Of course you could just listen to Jesus.

Many people don’t know it but the book of Revelation is actually a letter to seven churches. In it, Jesus is straight forward on how he feels about each church. Most of the seven churches get at least a gentle rebuke from him. Some, he completely rips open.

But he never criticizes a church because they don’t have a good sound system. Or for being too old fashioned. Instead, his rebukes center around a church forgetting how to love (2:1-7). Or abandoning the truth (2:12-17). Or, wait for it, a church being a little too relevant (2:18-29). The churches that get the approval of their Leader are the ones where trials are endured (2:8-11) and the ones that remain faithfully obedient during those trials (3:7-13).

But perhaps you’re looking for something more than just the approval of the Creator and Ruler of the universe. You’d rather be popular. In that case, just ditch your church all together and stop doing or saying anything of any real value.

Hey, Rob Bell did it and now he gets to be friends with Oprah.

Ah, the approval of Oprah.

What could possibly be better than that?

Can We Please Stop Talking About Race?

Can we please stop talking about race? Probably not. But I think that we’d be better off if we did.

No, I’m not saying that we need to start ignoring the racism that obviously still exists in our culture. And I’m not telling victims of racism to get over it. I’m just saying that maybe it’s time for a new approach.

For years we’ve been told that we need to have a national conversation about race. So that’s what we’ve done. But the results have been less than stellar. Instead of harmony, this long conversation has left us confused, scared and even more angry than before.

Earlier this week I read an article that was a part of our long national conversation on race. The article was basically saying that everything from your choice of cupcakes at the bakery  to the names you give to your offspring can reveal your level of racism. Pardon my confusion, but how exactly does such a conversation help the fact that we just simply can’t get along in this country? Do we need a National Summit on Cupcake Buying?

Ironically, this so-called conversation has ruined our ability to talk. Shortly after the terror attacks in Paris I was watching a live television news report of the aftermath where two talking heads were giving play-by-play of what was happening on the screen. At one point, a black man stepped into the camera’s view. Here’s how it was described.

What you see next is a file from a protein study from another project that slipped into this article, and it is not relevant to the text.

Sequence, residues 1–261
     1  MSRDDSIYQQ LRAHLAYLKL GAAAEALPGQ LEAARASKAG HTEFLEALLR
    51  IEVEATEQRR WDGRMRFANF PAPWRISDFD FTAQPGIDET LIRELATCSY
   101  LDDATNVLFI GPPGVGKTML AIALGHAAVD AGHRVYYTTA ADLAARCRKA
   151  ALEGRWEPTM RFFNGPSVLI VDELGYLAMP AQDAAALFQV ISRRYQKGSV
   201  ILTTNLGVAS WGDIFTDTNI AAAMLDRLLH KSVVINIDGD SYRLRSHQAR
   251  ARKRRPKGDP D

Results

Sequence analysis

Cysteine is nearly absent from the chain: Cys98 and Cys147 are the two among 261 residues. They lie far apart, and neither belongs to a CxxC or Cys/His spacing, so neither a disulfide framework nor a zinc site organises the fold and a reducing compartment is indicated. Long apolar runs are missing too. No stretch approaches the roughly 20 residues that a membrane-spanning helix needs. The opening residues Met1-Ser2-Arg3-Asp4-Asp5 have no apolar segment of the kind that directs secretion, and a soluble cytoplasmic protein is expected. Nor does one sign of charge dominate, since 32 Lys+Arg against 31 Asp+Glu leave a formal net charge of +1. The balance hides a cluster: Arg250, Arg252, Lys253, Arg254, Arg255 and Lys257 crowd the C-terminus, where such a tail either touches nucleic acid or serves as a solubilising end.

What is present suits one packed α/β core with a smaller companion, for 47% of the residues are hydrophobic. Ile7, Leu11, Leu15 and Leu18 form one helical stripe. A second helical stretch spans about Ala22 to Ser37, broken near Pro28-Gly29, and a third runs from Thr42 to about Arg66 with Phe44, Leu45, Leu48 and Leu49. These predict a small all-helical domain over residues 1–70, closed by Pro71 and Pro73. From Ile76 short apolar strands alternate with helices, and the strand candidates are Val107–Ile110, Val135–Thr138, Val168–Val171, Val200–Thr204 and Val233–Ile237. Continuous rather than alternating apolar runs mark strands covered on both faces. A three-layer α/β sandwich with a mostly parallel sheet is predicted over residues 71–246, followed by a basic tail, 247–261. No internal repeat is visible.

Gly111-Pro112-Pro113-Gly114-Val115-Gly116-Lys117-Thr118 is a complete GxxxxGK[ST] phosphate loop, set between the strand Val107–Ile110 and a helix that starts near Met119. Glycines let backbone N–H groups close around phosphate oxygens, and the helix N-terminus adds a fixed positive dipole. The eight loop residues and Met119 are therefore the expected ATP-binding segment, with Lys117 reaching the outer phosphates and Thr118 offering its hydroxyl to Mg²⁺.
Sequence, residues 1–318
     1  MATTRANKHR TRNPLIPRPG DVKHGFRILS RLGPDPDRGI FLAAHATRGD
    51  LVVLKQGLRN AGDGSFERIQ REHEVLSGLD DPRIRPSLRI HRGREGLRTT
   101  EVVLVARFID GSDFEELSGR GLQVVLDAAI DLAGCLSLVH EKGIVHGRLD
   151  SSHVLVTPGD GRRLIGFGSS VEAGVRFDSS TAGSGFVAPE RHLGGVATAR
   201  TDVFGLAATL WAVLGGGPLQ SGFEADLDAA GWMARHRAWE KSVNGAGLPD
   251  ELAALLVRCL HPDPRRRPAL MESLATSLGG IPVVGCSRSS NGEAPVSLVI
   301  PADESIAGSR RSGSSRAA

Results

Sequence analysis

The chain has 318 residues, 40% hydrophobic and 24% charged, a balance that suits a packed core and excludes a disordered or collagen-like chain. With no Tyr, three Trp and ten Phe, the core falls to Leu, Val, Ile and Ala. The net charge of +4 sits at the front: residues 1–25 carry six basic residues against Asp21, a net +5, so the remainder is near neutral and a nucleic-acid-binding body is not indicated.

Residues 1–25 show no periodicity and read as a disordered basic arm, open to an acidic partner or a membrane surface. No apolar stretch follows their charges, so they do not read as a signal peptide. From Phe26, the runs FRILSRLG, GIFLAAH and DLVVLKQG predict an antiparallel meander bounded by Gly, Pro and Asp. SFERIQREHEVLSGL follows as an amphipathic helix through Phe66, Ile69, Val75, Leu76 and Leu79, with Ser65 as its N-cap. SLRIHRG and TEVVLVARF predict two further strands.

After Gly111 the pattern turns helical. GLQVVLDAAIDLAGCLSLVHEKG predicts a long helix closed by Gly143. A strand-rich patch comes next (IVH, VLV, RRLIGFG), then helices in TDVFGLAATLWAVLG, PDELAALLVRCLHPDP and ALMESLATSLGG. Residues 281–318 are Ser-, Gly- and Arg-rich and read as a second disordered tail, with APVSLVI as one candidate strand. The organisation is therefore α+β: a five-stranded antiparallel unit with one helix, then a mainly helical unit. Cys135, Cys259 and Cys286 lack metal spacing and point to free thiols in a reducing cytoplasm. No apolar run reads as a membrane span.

Talking Head #1: “The building in question is the one that the African American gentleman just walked out of.”

Talking Head #2: “We don’t know if he’s African. Or American. This is Paris, remember?”

Reports are still coming in but I believe that the man drove an African American car and had a Caucasian American tablecloth in his kitchen.

The end result of our constant conversing about race is that it’s all turned into a joke. Everything is racist. The Academy Awards are racist. The Grammy’s are racist. The guy who wasn’t a big fan of Selma is a racist. The girl who really does believe that Beyoncé’s album was better than Beck’s is a racist.

Everything is racist.

Well, except for the stuff that actually is.

But no one is talking about that. Who has the time with all of the Oscar and Grammy buzz along with that African American fellow in Paris who has probably never set foot in African or America?

If you really want to do something about racism in this country, stop listening to and participating in the conversation. Start examining your own heart. If you look hard enough, you’ll find some racism. And then repent. But remember, repentance doesn’t mean just saying that you’re sorry or feeling guilty.

Anyone can apologize for the racist actions of his forefathers hundreds of years ago.

Only the truly repentant can apologize for his own racist actions last Tuesday.

But it doesn’t stop there. True repentance will carry over into another conversation. A different one. One that is more sincere. One that does not involve Academy Awards, Al Sharpton or Beck. It’s one that just involves you. And the guy across the street with the different color skin. And maybe your kitchen table and a good home cooked meal.

Racism will never be stopped by some federal summit, confusing newspaper articles or guilt tripping national conversations. Before the return of Christ, racism will always be with us. But that doesn’t mean that we have to get used to it, learn to accept it or participate in it ourselves.

It just means that we need to come to grips with the fact that our long national conversation isn’t working.

What we really need is a long look into our own hearts.

And then a long meal, cup of coffee or talk at your kid’s practice with that guy down the street who looks different from you.

When you actually get to know that guy, he suddenly stops being, “the African American gentleman” or “the white guy in the big truck” and he starts being another human being created in the image of God and in need of a Savior. In other words, he’s just like you.

So can we please stop talking about race?

Instead, maybe we could just start talking to people of another race?

This kind of conversation may not get a lot of media attention.

But it’s likely to change our hearts.

And that just might change the world.

Twenty Years Later: Grace, Forgiveness And Redemption

One of the things that I like best about a good church is the promise that when you show up, you’re going to be hit with a message of grace, forgiveness and redemption. A few Sundays ago, that happened before the official worship service had begun.

Once a month I meet with a group of men before church on Sunday mornings. We talk about how bad our teams got beat the night before and we eat. Terry is our leader. He’s a retired Atlanta police officer. He had the Little Five Points beat. Little Five Points was weird before it was cool to be weird. I love hearing Terry speak to us. His words are always encouraging, enthusiastic and drenched with grace. Hearing Terry is good for me.